Real-world results of eight weeks of the hepatitis C virus (HCV) treatment Harvoni (ledipasvir/sofosbuvir) are excellent, and some people who do not qualify for such a short treatment length have still succeed with it, Medscape reports. Researchers compared results from the ION-3 clinical trial of the eight-week regimen to five real-world studies, including the HCV-TARGET, TRIO, VA-Ohio, GECCO and Buggisch studies.

Results were presented at the International Conference on Viral Hepatitis 2016 in San Francisco.

According to the U.S. Food and Drug Administration (FDA), an eight-week treatment with Harvoni is a possibility for those with genotype 1 of the virus who have not been treated before, who do not have cirrhosis, and who have a viral load below 6 million.

In ION-3, 123 people qualified for and were treated with eight weeks of Harvoni. A matched cohort of 126 people took 12 weeks of the treatment. A respective 97 percent and 96 percent achieved a sustained virologic response 12 weeks after completing therapy (SVR12, considered a cure).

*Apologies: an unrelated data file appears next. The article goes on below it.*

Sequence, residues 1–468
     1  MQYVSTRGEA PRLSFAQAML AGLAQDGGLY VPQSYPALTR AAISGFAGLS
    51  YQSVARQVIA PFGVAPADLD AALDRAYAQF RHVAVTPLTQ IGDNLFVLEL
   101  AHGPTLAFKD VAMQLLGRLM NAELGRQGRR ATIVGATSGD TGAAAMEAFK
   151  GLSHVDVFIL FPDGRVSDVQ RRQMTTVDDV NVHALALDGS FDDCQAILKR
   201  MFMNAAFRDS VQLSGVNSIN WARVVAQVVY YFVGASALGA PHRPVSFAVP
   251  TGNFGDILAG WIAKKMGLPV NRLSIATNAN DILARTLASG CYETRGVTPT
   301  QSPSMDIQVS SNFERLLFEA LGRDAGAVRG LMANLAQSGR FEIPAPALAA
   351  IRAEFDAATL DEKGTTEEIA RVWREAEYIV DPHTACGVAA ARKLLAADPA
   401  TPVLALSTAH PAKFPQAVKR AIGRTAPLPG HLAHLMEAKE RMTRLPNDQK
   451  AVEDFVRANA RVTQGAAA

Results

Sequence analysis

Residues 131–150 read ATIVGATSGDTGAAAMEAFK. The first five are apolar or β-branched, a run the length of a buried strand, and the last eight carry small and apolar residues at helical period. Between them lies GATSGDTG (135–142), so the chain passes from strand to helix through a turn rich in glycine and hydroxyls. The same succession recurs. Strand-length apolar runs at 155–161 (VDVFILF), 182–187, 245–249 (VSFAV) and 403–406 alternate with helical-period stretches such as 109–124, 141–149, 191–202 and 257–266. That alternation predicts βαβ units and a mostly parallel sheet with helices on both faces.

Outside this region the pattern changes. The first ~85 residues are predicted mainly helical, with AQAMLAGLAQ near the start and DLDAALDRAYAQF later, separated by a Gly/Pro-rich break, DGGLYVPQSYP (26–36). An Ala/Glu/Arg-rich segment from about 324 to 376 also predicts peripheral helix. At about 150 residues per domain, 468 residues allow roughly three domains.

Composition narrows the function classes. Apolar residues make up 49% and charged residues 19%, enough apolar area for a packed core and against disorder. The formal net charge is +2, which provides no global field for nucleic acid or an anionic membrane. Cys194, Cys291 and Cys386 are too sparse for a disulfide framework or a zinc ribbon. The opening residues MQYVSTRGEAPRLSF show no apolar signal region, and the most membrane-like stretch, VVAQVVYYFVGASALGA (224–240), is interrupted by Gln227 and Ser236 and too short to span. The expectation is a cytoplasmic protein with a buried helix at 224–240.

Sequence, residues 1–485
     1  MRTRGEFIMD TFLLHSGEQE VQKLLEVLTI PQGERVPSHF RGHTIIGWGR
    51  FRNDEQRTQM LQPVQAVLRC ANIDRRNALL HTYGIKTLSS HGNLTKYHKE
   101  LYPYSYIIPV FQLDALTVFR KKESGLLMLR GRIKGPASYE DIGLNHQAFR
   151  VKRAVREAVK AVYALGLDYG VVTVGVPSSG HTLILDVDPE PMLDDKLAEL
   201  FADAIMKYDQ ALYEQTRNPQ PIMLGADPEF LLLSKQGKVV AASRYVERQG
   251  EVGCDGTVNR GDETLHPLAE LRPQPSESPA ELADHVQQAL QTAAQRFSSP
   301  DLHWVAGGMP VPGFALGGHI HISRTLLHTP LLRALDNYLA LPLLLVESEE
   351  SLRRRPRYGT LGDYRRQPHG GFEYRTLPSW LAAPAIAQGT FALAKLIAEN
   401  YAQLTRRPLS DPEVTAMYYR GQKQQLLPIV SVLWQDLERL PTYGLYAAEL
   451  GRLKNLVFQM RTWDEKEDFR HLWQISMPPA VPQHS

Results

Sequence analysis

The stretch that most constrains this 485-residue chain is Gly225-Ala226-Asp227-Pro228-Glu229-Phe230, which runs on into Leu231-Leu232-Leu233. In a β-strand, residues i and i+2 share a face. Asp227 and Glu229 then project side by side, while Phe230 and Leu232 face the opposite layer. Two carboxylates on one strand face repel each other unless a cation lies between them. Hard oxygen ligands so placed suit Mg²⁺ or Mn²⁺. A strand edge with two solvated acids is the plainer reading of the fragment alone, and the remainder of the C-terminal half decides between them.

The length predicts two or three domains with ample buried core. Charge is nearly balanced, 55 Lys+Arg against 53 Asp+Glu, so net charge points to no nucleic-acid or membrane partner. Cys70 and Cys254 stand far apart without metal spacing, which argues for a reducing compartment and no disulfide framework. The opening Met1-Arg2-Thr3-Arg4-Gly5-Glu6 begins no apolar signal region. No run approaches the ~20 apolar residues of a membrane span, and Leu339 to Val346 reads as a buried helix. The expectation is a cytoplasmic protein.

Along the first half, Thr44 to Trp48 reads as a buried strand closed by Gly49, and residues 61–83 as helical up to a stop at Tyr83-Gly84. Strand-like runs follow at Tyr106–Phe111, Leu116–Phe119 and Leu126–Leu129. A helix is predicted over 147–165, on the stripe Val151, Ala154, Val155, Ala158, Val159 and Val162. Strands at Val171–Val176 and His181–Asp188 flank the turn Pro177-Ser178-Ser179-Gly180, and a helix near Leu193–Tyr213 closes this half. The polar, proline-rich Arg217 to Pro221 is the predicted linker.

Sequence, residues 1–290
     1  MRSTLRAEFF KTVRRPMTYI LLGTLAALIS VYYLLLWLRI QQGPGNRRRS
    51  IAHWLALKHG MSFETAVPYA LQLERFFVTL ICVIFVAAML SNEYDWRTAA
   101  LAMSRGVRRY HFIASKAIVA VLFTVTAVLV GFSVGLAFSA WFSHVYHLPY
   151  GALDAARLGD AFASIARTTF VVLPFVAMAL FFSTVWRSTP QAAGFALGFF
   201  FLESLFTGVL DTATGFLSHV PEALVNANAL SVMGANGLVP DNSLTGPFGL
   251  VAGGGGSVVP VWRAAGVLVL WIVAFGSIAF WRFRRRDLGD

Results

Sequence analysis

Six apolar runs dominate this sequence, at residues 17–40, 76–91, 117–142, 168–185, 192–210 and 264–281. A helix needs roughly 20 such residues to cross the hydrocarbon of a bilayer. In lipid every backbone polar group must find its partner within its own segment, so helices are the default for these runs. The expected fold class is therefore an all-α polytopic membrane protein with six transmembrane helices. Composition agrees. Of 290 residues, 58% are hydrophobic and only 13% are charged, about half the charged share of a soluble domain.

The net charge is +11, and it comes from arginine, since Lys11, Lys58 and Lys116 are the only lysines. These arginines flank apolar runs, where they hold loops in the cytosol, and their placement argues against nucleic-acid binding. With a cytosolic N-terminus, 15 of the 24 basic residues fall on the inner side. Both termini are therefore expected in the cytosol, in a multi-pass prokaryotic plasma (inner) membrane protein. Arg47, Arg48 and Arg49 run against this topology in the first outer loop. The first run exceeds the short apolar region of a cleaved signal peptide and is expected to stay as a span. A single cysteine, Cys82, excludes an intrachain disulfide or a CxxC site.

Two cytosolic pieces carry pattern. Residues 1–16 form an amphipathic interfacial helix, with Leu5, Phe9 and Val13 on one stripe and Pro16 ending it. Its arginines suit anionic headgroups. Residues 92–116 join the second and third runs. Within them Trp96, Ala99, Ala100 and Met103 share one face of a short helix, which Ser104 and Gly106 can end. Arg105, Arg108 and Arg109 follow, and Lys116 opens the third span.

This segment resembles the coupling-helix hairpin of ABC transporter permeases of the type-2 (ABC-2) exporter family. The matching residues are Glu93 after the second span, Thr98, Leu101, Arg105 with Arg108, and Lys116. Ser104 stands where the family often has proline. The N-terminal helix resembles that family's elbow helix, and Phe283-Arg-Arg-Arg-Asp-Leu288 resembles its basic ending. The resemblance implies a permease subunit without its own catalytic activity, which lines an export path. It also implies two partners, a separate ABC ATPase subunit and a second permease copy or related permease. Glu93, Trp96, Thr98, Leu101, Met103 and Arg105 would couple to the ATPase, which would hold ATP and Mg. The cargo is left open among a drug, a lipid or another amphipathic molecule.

Some of the ION-3 participants did not qualify for an eight-week treatment but received it anyway. Among those with a viral load above 6 million, 95 percent of those who took ribavirin with Harvoni were cured, as were all of those who did not take ribavirin. Such cure rates were just as high for those who had up to stage 3 of fibrosis.

A total of 323 of the participants in TARGET qualified for eight weeks of treatment. Nevertheless, 192 of these individuals took 12 weeks of treatment under the instruction of their physicians. Ninety-seven percent of both groups of people were cured. Fourteen of those treated for eight weeks did not actually fit the criteria for such short treatment: Six had cirrhosis and eight had been treated for hep C before.

Eight of the 263 people in TRIO had a viral load greater than 6 million.

In GECCO, seven people were coinfected with HIV, three had cirrhosis, 12 had been treated before, and nine had a viral load above 6 million. They were all cured.

In the five real-world studies, cure rates among those receiving eight weeks of treatment were 97 percent or greater.

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